Alameda Daily Argus on Jun. 9, 1892 reported that Marvin was shot by his barkeeper of the hotel.


Nov 16, 1892, 9:30am,

The 20 year old hotel burns down

At the time Piedmont did not have a fire department and it would take hours to get a truck with water on the scene.

Oakland Tribune - Thu - Nov. 17, 1892:

The insurance on the Piedmont Springs Hotel expired November 1st. James B. Marvin regrets this now. For 20 years the old house had stood, and during two decades the Bohemian life of Oakland had enjoyed its hospitality. 

...Mrs. Marvin occupied room 7 and at 9:15 o'clock this morning she was startled at a peculiar crackling in the chimney. She at once gave the alarm as the fire gained headway and the smoke oozed through the shingles of the roof the neighbors saw the smoke and hastened to the scene...

The absence of any water supply left the occupants of the doomed building no other recourse than to sit down in the shade and watch the building burn.

The San Francisco Examiner - Mon - Nov. 21, 1892:

J. B. Marvin, lessee of the Piedmont Springs Hotel property, has erected a large tent on the grounds adjoining the wreck of the burned hotel, and in it has constructed a rude bar, over which some of the liquors and cigars saved from the flames will be doled out to anybody that may want them.

On the day succeeding the fire agents of the Pacific Mutual Investment Union, which owns the hotel grounds, visited the premises, and a few hours after their departure carpenters put in an appearance and began inclosing the grounds with a fence. All Marvin's goods and chattels which were not destroyed in the fire had been taken off the property by the latter's employees, so the building of the fence lets the owners in absolute possession.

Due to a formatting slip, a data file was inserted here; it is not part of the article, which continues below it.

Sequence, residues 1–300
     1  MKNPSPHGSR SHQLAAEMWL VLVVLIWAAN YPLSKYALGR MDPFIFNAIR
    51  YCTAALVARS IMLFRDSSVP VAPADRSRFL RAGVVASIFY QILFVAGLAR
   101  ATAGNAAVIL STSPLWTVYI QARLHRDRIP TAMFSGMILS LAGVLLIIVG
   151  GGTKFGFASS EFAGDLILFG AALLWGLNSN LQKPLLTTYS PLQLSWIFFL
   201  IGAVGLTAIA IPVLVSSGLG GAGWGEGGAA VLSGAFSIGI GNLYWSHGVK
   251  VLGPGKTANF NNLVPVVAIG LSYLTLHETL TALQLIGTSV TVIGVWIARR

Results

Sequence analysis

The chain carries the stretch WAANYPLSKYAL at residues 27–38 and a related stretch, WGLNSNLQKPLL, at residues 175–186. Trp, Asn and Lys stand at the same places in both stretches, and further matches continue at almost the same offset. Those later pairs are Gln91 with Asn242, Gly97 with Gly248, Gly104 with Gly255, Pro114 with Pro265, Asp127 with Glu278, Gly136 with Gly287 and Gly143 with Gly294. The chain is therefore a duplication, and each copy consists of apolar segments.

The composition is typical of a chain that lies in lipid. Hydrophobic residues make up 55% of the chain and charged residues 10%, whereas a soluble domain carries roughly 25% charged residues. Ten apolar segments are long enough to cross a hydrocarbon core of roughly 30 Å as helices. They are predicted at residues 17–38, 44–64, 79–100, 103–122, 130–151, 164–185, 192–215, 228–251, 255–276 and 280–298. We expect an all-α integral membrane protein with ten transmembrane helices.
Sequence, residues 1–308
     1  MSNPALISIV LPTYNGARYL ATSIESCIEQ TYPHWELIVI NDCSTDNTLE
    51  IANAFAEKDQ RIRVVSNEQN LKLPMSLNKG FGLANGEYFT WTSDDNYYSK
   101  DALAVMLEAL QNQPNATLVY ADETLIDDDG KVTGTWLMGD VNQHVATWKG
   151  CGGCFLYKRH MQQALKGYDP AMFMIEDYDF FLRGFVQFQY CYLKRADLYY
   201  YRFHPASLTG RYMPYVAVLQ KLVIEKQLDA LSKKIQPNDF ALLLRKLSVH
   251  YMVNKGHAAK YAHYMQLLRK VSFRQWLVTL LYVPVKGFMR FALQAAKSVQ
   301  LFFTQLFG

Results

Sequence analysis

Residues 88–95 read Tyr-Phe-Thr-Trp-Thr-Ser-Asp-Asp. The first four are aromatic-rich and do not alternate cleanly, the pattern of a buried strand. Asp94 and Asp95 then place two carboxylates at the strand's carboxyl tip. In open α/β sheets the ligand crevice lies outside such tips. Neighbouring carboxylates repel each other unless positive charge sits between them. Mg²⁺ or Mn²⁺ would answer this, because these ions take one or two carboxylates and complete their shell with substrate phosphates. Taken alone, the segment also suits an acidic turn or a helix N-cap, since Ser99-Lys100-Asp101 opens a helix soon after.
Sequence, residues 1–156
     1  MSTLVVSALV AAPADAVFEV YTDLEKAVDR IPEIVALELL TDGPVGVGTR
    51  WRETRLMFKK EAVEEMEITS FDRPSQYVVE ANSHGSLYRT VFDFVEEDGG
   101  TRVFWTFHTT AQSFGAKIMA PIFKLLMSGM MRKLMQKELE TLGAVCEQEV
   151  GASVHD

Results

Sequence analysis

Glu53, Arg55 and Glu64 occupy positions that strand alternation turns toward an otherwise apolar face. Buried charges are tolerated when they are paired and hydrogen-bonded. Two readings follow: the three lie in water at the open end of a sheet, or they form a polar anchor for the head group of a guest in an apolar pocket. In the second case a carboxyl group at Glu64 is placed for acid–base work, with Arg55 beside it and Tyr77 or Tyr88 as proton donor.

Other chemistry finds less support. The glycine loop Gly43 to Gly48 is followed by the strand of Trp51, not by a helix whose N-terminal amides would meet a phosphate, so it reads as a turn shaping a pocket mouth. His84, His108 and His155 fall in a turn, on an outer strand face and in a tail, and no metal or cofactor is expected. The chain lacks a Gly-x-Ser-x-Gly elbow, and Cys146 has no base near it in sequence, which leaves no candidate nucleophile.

Oakland Tribune - Tue - Aug. 15, 1893:

J.B. Martin retires from Piedmont Springs.

1 - Oakland_Tribune_Thu__Nov_17__1892_.j
1 - Oakland_Tribune_Thu__Nov_17__1892_.j

The WASP (July-Dec. 1892), Page 463:


There is one man who will not consider the burning down of the Piedmont Hotel an unmixed misfortune. That man is Hugh Craig of the New Zealand Insurance Company. This gentleman resides near the site of the late hotel, and it has seriously interfered with his sense of propriety. Mr. Craig, or " Holy Hugh," as he is more generally called (behind his back), is religious, or thinks he is. He is Scotch, and had a fit of holy horror when the place was let to Black—a sport who desecrated the "Sobboth" at every opportunity, by vending intoxicating liquors to thirsty people, as depraved as himself. So outraged were Mr. Craig's fine sensibilities, that he made a big fight in the Oakland Council and courts to have Black's license revoked and the placed closed, but alas! it would not go. Black sold out, and another sinner by the name of Marvin came, who was equally dead to all sense of the proprieties, and persisted in breaking, with apparent sang-froid, the third commandment. But Hugh, beaten in the courts, with true Christianity, had resort to prayer. He prayed long and hard for a judgment to fall upon the place of sin. His prayers have been answered. Marvin got shot by a drunken bartender, and nearly killed, and now the house is burned down. When a true Christian like Holy Hugh prays, look out for squalls.

Need for a Piedmont Resort


The San Francisco Examiner - Thu - Jan. 3, 1895:

People People Are Indignant Over a Proposed Innovation and Intend to Protest

The aristocratic precinct of Piedmont has been invaded and the residents are mourning over the prospect of soon having a "resort" in the midst. A structure to be used as a hotel, lodging-house and "pavilion" is building on the property of Mrs. E. K. Loring on Vernal (now Highland) Avenue, and each day the villa owners in the vicinity become more unhappy as they see it nearing completion.

The Piedmontese are people of culture, wealth and society, who moved out to the foothills in order to enjoy life in secluded English fashion. From the first their intension was to keep Piedmont strictly a residence free place, and the property owners are not only agitated but surprised that the provisions of the Piedmont Land Company admit of such innovation as a cheap hotel, with ordinary beer, shuffleboard and Sunday excursion attachments.